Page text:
Did you ever know a person who had an illness or injury that was so acute that people wondered if the person would ever walk, talk, and think again – yet they recovered to live full and interesting lives? You may be wondering what that has to do with building a buy-and-hold portfolio, but I’ll get there, I promise.
My friend Anthony had a serious stroke in his 70s. It was the kind of stroke where a person slowly regains the use of their body and relearns formerly easy tasks, such as speaking… if they’re lucky. Just a few years afterward, I frequently ran into Anthony at community events. Today, Anthony is in his 90s, and I know that he’s still functioning relatively well because I see him on social media.
Another friend, Evita, had a sporting injury that ripped her guts apart. There’s no other effective and brief way to describe it. I don’t even know how she survived the immediate injury, let alone the long wait for assistance that day, and the many months of touch-and-go physical and mental fragility. Today, Evita is playing sports again.
Two other folks within my wide circle of friends and acquaintances, Sanjay and Annabelle, had serious head trauma from car accidents. No one could understand how Sanjay wasn’t permanently paralyzed, but now he’s completely physically mobile, and he’s taken on a very public leadership role in his area of expertise. Annabelle won’t be able to return to her previous level of competitive sports, but she’s back in college, carving out a bright future for herself.
This week, another friend survived a “widow maker” heart attack. I’m praying for him, because when it comes to physical and mental healing, apparently the sky’s the limit.
What do accidents have to do with buy-and-hold investing?
On par with stroke and car accidents, stock markets can be similarly and drastically injured. We’re living through such a time right now, socially, economically, and financially, and it’s scary. People are worried, praying, and bracing themselves for worst-case scenarios.
Stock markets have fallen breathtaking amounts in the past, for all sorts of reasons, from corporate financial irresponsibility to acts of war. People were scared and they gave up hope, cashing in all of their stock investments in an effort to distance themselves from the pain.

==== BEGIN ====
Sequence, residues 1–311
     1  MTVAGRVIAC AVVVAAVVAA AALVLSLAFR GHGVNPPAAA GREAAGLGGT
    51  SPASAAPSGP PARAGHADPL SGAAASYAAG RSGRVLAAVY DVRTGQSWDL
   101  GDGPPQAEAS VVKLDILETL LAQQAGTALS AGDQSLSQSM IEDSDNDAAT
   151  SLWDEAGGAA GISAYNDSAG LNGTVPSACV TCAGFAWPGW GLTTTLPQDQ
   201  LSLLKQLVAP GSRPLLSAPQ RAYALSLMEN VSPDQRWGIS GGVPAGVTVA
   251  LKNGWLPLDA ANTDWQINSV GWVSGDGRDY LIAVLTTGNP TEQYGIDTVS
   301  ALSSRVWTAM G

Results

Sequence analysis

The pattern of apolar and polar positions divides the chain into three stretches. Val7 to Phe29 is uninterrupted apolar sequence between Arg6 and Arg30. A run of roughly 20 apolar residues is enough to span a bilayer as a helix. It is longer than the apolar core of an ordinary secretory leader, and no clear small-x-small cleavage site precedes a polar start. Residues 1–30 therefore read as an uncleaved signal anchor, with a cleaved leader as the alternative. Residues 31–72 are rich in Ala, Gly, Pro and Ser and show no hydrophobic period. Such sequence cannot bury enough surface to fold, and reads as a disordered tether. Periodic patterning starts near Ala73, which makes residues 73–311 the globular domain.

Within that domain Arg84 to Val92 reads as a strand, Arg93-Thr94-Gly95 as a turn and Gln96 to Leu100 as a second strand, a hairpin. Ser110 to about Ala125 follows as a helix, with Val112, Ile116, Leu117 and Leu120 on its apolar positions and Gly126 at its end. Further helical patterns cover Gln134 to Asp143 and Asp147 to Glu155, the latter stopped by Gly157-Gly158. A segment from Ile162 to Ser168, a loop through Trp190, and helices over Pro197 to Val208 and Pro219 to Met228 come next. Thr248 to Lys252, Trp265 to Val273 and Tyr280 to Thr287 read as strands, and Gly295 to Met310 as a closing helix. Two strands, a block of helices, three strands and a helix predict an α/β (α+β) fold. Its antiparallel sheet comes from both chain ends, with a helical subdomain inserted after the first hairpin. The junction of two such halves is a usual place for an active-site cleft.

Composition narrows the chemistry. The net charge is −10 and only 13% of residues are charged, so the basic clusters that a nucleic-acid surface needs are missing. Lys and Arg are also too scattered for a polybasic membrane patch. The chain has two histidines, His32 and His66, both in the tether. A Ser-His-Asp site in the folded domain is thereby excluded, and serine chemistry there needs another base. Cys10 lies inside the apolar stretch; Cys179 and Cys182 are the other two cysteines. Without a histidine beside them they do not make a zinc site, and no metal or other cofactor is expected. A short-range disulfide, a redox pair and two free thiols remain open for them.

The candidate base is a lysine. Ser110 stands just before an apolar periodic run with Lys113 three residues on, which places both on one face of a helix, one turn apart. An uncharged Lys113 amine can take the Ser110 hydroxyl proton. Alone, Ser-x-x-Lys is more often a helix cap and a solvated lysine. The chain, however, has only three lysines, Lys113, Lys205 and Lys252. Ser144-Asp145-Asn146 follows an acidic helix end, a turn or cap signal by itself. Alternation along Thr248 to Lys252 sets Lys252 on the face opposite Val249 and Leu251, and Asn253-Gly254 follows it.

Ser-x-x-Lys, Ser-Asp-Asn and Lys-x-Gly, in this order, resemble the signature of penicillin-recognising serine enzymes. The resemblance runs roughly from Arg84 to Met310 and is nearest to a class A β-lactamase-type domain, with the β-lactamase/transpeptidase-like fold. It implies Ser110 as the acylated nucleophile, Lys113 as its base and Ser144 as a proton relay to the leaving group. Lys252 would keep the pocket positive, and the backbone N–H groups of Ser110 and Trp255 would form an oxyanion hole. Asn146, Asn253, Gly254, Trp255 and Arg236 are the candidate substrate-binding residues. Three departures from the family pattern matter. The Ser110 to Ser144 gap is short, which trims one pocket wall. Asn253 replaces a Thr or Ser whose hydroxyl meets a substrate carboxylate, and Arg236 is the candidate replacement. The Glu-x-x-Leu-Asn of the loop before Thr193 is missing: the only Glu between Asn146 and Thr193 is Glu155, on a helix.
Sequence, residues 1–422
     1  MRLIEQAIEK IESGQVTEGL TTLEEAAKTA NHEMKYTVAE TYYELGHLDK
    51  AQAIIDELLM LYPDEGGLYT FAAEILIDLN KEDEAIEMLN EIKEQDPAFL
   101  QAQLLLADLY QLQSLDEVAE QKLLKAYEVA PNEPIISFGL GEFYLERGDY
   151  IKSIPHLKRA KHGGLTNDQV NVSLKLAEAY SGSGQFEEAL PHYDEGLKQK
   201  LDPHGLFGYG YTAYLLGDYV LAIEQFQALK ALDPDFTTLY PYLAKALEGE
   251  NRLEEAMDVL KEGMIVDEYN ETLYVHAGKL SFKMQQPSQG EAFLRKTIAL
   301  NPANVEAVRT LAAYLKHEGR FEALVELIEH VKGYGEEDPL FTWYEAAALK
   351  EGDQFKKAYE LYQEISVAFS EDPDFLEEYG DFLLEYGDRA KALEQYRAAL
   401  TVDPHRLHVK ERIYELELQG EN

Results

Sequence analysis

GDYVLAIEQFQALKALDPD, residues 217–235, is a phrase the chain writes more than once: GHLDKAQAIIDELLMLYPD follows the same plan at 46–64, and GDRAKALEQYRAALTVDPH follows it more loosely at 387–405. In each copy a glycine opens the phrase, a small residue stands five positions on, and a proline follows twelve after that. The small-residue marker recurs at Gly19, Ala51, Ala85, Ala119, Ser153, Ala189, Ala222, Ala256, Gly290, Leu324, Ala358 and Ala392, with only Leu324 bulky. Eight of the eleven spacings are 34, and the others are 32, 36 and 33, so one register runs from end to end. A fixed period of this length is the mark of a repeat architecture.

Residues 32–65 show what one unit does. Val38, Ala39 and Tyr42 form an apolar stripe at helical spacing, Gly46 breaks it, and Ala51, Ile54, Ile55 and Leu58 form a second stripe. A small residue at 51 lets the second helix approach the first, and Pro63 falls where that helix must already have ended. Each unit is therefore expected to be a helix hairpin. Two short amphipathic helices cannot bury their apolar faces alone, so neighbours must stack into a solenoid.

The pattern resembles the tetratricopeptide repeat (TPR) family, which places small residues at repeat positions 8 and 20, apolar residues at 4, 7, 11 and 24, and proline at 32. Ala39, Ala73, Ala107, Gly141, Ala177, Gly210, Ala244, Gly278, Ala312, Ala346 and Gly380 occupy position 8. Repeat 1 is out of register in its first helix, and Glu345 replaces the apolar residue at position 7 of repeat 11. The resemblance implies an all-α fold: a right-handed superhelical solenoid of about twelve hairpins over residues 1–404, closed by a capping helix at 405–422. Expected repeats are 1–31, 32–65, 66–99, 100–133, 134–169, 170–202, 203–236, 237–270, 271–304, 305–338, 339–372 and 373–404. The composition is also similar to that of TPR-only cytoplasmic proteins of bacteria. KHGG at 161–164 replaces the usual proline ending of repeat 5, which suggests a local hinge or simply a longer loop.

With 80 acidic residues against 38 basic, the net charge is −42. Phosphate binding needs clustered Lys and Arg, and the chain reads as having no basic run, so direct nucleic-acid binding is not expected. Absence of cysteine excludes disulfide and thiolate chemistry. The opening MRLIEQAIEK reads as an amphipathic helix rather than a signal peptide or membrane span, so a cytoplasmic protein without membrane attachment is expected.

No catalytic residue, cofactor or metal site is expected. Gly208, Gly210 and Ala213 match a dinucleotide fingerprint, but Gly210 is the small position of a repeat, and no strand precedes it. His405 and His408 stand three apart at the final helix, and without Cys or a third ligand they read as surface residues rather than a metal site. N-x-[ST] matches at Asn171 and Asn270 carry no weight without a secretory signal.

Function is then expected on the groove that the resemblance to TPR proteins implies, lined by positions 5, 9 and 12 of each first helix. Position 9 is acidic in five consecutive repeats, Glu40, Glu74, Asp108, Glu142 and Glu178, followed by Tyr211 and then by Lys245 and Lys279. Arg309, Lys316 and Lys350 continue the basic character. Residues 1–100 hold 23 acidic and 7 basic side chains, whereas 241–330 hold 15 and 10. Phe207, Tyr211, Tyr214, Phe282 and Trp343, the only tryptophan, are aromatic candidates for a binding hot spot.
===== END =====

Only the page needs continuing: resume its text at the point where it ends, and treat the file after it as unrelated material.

Then the miracle unfolded. The stock market recovered – again and again, from pullbacks, hiccups, corrections and crashes – and went on to reach new all-time highs. Even when there was no stock market crash in sight, there have been times when the mere insinuation of “recession” sent investors running for the hills. Nevertheless, we’re seeing U.S. stock markets rise to new all-time highs.
If you sold during the downturn (which is the opposite of buy-and-hold) and now find yourself uncertain what to buy in the midst of an economic recovery, there’s still plenty of opportunity out there. If you buy high-quality stocks today, there’s a reasonable opportunity to double or triple your money as the stocks rebound and continue to rise higher.
Want Buy-and-Hold Stocks for the Next Uptick?
Here’s how to proceed. You’re going to buy shares of companies that are thriving, companies that are not dramatically harmed by the “social distancing” behaviors sparked by the COVID-19 virus. There are many such companies. People are still using computers, driving cars, watching television, accessing banking services and buying groceries. Companies are still manufacturing semiconductors, producing advertising, caring for medical needs, managing your retirement benefits, and growing vegetables to stock Kroger stores.
When markets are thriving, it might require some serious study to figure out which bank or computer company or packaged food company would be the best stock to own. Frankly, there’s no need for such serious comparative analysis today.
All you need to do is make a list of industries that are not greatly harmed right now or that have not yet participated in the recovery. Then write down the names of a couple of famous companies from each industry. Finally, go to your normal source of stock research, and review the net income numbers to verify that those companies have been delivering stable or growing profits for several years in a row. Got it? You want a list of companies that are faring well right now, and have been faring well for several years.
Now that you have your list, select five to 10 buy-and-hold stocks, one or two from each industry on your list. Voila! You have a diversified portfolio of profitable companies whose stocks will very likely come roaring back to much higher values by the end of 2021 (companies with a long and healthy history of dividend payments offer a premium if recovery takes longer than expected). It could happen sooner, of course, but I don’t tend toward exaggeration. I want you to be able to nod your head and say, “Yes, this makes sense. I can picture this happening.” Excellent! A buy-and-hold portfolio doesn’t rely on market timing or momentum as much as it relies on large, well-known companies continuing to do what they do best.
It’s okay to acknowledge that today might be scary AND that the future might also be bright. Remain hopeful, constructive and careful. Have peace. I’m in this with you.